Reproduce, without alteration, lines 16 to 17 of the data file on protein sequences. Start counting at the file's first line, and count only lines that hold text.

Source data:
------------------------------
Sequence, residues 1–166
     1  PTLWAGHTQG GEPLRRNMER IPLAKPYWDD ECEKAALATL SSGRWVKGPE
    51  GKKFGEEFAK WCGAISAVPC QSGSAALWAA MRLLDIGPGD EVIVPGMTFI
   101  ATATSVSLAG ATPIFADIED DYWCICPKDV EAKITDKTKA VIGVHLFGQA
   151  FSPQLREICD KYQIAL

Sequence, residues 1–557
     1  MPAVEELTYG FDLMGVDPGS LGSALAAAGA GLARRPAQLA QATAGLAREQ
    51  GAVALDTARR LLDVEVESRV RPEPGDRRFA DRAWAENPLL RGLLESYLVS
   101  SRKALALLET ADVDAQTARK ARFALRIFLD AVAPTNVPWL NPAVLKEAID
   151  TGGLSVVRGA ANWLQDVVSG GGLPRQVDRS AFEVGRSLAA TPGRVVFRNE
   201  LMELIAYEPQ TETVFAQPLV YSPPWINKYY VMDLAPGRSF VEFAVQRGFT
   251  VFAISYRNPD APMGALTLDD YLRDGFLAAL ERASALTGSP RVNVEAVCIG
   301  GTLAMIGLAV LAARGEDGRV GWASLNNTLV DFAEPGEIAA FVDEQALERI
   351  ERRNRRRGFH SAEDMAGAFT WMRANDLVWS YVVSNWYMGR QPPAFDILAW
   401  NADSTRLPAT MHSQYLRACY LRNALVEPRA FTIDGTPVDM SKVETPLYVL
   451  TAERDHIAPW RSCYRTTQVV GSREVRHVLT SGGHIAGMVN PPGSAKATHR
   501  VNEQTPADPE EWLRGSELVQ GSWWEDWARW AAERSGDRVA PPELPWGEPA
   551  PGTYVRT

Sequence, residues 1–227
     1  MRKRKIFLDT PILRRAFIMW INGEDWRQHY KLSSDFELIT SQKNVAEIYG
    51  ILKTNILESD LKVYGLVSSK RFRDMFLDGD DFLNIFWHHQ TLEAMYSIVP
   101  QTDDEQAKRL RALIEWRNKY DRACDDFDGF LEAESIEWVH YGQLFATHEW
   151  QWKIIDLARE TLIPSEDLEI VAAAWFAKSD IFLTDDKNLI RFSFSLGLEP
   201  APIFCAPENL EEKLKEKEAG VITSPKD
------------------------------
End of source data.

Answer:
   451  TAERDHIAPW RSCYRTTQVV GSREVRHVLT SGGHIAGMVN PPGSAKATHR
   501  VNEQTPADPE EWLRGSELVQ GSWWEDWARW AAERSGDRVA PPELPWGEPA